In January when the Obama administration lifted some travel restrictions, the company's call center was overwhelmed, Wells said. US inquiries increased from about 10 percent of the total to 50 percent.

The surge in interest has led Cuba Cruise to consider extending the season to April and even add another ship: "We are looking at itineraries and other ships in the Louis fleet to see how we could make this work," he said.

Although the story of Cuba Cruise sounds like a case of being in the right place at the right time, establishing the itinerary took a lot of work and red tape -- and gives insight into the issues larger cruise lines might face if they establish ports in the communist country.

Church in Cuba city

Wells first visited Cuba in 2009 on the suggestion of his business partner, Craig Marshall. As is often the way in Cuba, Craig had a friend who knew someone who was a transport official in charge of ports on the island.

"(The transport official) said wasn't it a shame that the cruise terminal in Havana had been refurbished but no cruise lines were calling in any more," Wells said. "Well, that tweaked Craig's interest. He called me and I flew down a few weeks later to meet with the port authorities."

The meeting wasn't quite as simple as that: It took more than a month to get the suitable visas, introductory letters and documentation; things take a very long time to happen in Cuba and have to pass through a number of different ministries and sub-ministries. "We had to go through all the hoops," he said.

Wells, who has experience launching cruise lines in tough locations such as the High Arctic and Antarctica, was not fazed by the lack of infrastructure – more by the red tape.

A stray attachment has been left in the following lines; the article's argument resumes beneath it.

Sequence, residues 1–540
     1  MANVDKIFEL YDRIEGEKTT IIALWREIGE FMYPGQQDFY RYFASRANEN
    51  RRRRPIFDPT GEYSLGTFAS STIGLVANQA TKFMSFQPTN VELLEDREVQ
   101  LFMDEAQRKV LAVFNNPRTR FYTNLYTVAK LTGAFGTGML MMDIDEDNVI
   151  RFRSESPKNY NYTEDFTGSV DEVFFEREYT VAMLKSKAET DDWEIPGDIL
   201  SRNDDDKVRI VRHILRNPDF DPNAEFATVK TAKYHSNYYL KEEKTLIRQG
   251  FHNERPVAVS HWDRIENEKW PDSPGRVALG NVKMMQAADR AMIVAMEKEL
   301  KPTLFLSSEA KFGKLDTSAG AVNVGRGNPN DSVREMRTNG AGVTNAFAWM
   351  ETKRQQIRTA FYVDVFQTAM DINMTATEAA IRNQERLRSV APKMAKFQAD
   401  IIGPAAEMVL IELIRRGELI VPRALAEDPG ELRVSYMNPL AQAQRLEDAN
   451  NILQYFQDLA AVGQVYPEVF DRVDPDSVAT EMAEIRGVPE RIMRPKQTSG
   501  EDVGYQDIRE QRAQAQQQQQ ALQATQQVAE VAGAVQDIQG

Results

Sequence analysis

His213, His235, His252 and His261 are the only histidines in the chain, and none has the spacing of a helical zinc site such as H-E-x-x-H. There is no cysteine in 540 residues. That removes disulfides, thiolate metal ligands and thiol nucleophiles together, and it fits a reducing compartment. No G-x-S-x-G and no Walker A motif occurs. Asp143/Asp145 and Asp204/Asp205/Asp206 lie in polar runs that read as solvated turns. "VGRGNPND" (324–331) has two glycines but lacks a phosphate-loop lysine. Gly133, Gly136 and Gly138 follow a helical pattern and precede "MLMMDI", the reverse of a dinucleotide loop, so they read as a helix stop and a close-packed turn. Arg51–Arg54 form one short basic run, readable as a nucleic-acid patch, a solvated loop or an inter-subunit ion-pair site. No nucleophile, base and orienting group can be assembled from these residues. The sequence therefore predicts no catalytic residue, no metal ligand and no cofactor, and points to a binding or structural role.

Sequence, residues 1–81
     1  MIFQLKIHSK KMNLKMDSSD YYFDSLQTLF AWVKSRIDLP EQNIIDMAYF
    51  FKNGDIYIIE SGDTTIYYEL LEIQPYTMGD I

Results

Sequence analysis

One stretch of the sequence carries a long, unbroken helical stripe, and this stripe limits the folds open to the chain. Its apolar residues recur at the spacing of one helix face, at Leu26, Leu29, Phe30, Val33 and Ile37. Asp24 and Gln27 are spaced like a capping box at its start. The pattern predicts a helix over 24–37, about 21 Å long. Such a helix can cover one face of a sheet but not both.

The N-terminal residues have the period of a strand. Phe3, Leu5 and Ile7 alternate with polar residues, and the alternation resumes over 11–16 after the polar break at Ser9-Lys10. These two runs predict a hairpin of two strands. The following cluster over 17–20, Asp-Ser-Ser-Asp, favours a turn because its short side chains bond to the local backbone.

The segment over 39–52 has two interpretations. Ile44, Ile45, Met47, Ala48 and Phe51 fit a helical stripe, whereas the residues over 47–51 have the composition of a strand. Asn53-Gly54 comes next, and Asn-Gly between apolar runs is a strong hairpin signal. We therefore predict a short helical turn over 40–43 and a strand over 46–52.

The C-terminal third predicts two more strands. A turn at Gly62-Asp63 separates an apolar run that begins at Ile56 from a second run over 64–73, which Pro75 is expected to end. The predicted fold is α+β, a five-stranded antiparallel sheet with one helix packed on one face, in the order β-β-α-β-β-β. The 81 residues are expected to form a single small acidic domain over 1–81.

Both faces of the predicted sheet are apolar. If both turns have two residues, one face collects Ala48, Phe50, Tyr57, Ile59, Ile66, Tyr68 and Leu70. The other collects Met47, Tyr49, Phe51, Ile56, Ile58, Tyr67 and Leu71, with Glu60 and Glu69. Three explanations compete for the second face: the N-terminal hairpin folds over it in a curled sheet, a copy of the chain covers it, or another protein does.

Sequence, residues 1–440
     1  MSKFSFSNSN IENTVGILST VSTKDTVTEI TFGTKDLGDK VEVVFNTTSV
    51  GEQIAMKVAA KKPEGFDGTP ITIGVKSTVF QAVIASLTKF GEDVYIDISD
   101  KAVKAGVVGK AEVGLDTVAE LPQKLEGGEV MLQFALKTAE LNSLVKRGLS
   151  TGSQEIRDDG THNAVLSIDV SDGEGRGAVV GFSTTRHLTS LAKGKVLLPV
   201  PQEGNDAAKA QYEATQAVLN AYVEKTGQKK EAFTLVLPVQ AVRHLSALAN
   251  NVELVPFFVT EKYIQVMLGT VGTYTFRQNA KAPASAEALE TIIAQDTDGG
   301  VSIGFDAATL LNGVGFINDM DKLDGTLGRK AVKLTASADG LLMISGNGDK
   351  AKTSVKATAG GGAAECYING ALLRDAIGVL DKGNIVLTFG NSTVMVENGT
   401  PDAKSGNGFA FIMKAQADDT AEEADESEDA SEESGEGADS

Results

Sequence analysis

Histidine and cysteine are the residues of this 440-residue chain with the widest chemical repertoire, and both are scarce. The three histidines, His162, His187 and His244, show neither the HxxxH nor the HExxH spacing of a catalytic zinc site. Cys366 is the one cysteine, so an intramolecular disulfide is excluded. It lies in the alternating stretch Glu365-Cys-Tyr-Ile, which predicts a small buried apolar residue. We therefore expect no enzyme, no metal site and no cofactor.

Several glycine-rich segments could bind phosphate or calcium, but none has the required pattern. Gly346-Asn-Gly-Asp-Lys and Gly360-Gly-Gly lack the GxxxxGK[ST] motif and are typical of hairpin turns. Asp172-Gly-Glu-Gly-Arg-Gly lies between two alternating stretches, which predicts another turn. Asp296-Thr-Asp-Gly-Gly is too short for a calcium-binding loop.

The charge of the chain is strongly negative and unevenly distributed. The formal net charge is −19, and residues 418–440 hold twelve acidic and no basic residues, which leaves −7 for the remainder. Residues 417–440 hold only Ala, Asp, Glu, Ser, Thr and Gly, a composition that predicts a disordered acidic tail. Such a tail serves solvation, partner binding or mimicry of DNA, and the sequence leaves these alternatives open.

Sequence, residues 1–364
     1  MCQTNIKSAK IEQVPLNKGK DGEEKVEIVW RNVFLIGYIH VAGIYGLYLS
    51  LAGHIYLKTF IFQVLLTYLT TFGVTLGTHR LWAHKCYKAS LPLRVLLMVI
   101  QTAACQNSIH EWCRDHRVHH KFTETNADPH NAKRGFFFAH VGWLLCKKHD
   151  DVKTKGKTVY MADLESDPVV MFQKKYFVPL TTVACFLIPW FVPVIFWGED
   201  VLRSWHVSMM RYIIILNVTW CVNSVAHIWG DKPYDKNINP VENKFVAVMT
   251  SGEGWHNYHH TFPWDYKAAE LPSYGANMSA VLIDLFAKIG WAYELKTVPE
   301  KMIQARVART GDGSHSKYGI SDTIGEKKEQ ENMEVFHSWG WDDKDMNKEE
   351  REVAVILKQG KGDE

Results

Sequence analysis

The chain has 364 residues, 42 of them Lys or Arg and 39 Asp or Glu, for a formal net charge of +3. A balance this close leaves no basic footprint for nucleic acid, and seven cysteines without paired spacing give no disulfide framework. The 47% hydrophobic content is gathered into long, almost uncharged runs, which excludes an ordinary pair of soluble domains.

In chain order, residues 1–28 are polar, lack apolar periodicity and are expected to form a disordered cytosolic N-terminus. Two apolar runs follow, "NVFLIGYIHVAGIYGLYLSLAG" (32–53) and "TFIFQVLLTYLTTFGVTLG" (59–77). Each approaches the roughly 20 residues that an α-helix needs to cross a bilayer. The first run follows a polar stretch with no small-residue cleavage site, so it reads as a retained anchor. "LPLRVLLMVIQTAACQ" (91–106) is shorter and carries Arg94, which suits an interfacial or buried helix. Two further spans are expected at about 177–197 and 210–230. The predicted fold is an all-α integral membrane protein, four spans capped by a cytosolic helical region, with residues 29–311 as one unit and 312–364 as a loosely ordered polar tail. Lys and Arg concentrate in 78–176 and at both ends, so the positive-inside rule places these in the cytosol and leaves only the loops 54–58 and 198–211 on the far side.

He then took a two-week road trip around Cuba to work out what ports could realistically welcome a ship. "The infrastructure is in very bad condition, but this is not Antarctica -- at least there is infrastructure. We came to the conclusion that this was not insurmountable."

For a small ship, perhaps. The main limitation on larger ships calling in at Cuba is their draft (the distance between the waterline and the bottom of a ship's hull), Wells said. Quite simply: the ports are too shallow to accommodate large ships, and many do not directly face the sea, but are inland, meaning negotiating narrow channels and often unmapped islands.

"There are three main challenges with all of these ports: Maneuverability, depth and dredging and terminal infrastructure," Wells explained. "Even in Havana, Louis Cristal takes up the entire length of the pier."

The only way round this would be massive private investment by the cruise lines, to dredge and develop the ports: "The question is, would it be worth it?" he asked.

In his earnings comments, Carnival CEO Arnold Donald noted that the shallow draft of the Havana port restricted use to smaller ships. "But there will be investment in ports and other infrastructure required over time."

Other options include floating jetties, or tendering. With funding from Brazil, Cuba is also developing a new port an hour west of Havana called Mariel, which will primarily deal with container and commercial traffic; Wells believes this could end up catering to the larger ships.

Even if the embargo is lifted and mainstream lines do start coming to Cuba, Wells thinks there will be enough demand for all in the marketplace. "I believe strongly that the kind of product that they [the mainstream cruise lines offer] will be very different from what we are doing. We employ locals, we go to ports that large cruise ships simply could not go into."

Want to read more about cruising to Cuba? Read our Cuba Cruise Basics, our Cuba Cruise slideshow and blog posts from a 2014 sailing with Cuba Cruise. Or talk with Cruise Critic members who have sailed with Cuba Cruise on our forum).

--By Adam Coulter and Chris Gray Faust, Cruise Critic UK Editor and Destinations Editor